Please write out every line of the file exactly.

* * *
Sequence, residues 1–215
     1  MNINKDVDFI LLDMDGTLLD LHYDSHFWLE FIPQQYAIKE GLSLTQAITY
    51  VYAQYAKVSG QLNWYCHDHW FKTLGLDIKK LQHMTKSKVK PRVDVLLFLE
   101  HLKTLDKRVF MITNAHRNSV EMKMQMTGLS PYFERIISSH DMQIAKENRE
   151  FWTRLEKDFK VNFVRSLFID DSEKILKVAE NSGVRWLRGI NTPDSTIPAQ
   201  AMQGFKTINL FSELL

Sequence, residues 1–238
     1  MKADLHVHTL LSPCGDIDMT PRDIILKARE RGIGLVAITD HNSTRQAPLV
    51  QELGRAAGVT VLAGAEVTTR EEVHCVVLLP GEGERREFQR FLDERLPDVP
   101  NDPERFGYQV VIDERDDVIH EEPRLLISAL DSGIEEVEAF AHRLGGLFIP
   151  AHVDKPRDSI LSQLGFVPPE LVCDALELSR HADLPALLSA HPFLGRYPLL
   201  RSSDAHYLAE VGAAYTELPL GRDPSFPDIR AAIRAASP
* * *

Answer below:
Sequence, residues 1–215
     1  MNINKDVDFI LLDMDGTLLD LHYDSHFWLE FIPQQYAIKE GLSLTQAITY
    51  VYAQYAKVSG QLNWYCHDHW FKTLGLDIKK LQHMTKSKVK PRVDVLLFLE
   101  HLKTLDKRVF MITNAHRNSV EMKMQMTGLS PYFERIISSH DMQIAKENRE
   151  FWTRLEKDFK VNFVRSLFID DSEKILKVAE NSGVRWLRGI NTPDSTIPAQ
   201  AMQGFKTINL FSELL

Sequence, residues 1–238
     1  MKADLHVHTL LSPCGDIDMT PRDIILKARE RGIGLVAITD HNSTRQAPLV
    51  QELGRAAGVT VLAGAEVTTR EEVHCVVLLP GEGERREFQR FLDERLPDVP
   101  NDPERFGYQV VIDERDDVIH EEPRLLISAL DSGIEEVEAF AHRLGGLFIP
   151  AHVDKPRDSI LSQLGFVPPE LVCDALELSR HADLPALLSA HPFLGRYPLL
   201  RSSDAHYLAE VGAAYTELPL GRDPSFPDIR AAIRAASP